Researchers at the University of Melbourne have concluded that Australia is much more likely to see extremely hot summers thanks to human-driven global warming. This finding is based on a raft of climate measurements, plus over 90 climate model simulations.
The context for the study is the record-smashing “Angry Summer” Australia just endured, which brought heat waves, brush fires, and both the hottest month and the hottest day the country has ever seen. According to the paper, by Sophie Lewis and David Karoly, the odds of such summers occurring have increased five fold between now and 2020 — and half the blame can be laid at the door of greenhouse gas emissions.
Climate always involves lots of natural variability, and Australia is no exception. The El Niño, a band of unusually warm water that cyclically develops across the Pacific Ocean, has historically been associated with unusually hot Australian summers. But the Pacific Ocean was recently almost in La Niña conditions — the opposite, colder extreme of the oscillation. That was the initial clue for Lewis and Karoly that connected the “Angry Summer” to human activity. As The Guardian reports:
“We cannot categorically ascribe the cause of a particular climate event to anthropogenic climate change; however, the roles of various factors contributing to the change in odds of an event occurring can be identified,” the two scientists write.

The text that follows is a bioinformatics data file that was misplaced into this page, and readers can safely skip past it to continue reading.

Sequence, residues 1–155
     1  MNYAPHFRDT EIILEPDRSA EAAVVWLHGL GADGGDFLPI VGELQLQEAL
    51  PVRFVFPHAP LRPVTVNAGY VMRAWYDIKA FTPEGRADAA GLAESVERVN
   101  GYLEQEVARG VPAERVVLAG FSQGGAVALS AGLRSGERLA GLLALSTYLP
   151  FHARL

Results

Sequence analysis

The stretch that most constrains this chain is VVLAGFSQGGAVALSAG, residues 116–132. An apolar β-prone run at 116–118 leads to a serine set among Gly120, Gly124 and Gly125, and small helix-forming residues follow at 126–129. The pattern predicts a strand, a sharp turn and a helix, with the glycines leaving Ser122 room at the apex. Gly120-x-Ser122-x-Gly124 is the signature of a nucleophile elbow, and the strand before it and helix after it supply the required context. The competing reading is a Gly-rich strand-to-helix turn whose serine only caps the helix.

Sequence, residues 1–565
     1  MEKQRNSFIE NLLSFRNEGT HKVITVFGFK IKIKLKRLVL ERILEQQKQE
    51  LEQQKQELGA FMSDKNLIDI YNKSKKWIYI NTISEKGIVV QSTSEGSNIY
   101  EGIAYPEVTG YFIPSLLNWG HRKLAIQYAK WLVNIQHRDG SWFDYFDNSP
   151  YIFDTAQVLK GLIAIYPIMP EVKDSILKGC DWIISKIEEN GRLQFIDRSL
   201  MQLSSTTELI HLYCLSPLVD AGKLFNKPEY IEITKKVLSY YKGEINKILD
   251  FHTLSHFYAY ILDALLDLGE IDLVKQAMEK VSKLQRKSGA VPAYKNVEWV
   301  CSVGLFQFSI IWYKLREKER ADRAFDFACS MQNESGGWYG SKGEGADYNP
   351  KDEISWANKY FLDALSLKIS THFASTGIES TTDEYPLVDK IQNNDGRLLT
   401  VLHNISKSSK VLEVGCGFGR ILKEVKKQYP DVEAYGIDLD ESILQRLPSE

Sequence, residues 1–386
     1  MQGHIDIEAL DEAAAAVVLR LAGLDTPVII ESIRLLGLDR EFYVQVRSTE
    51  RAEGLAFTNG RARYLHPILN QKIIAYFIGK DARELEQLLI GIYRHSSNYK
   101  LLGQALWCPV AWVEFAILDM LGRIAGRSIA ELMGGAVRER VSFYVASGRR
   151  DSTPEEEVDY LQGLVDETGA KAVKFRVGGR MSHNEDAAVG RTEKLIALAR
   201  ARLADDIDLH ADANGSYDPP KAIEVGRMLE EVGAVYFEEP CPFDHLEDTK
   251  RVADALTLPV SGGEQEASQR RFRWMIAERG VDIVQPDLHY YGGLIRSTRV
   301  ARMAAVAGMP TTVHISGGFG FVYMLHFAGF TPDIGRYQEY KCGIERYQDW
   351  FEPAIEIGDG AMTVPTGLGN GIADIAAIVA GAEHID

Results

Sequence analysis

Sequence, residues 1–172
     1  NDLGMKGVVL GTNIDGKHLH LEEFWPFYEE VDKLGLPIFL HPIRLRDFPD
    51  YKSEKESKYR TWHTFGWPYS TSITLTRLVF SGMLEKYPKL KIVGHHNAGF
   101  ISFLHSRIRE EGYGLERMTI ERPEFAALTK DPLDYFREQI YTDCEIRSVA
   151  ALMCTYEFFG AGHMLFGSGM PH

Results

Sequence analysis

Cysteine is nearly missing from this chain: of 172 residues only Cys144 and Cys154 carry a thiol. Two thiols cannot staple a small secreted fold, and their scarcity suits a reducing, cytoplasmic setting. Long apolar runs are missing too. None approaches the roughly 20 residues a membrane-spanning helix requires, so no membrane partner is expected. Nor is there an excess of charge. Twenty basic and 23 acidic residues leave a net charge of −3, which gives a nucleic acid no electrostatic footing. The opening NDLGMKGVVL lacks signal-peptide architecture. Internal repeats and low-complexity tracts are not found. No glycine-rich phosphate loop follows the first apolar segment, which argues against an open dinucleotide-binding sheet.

They examined the historical record of more than 150 years of observation, and found, repeatedly, that extreme summers tended to occur in step with El Niño years: in fact were three times more likely to happen in an El Niño year than a La Niña season.
Clearly, something else was at work in the Australian summer of 2013. Natural climatic variations were not likely to have caused the bush fires and the floods. It was possible to say, with more than 90 percent confidence, that human influences on the Australian atmosphere had dramatically increased the odds of extreme temperatures.
The key thing to understand when it comes to extreme weather is that the range of possible scenarios natural climate variations can produce exist along a bell curve. When human-driven global warming raises average temperatures, it shifts the bell curve so that more of the distribution lies in the extremes, increasing the odds of punishing heat, wildfires, floods, and all the rest in any given season.
Unfortunately, Australia is helping dig its own grave in some respects here. The country’s plans to double down on coal production and exports was noted by Greenpeace as one of 14 “carbon bombs” threatening the global climate. And all by themselves, the coal reserves Australia is considering exploiting could take up 75 percent of what the world can still burn without pushing global warming above two degrees Celsius. To top it off, Australia’s conservative opposition has vowed to undo the country’s embryonic carbon tax if it wins elections this September.
On the plus side, the price of Australian wind power is already outperforming that of fossil fuels — even in the absence of government assistance — with solar coming up rapidly behind it. And studies suggest that providing all of Australia’s electricity needs with renewables by 2030 is a goal that lies well within the realm of the realistically achievable.
This article was originally published on Climate Progress. Reproduced with permission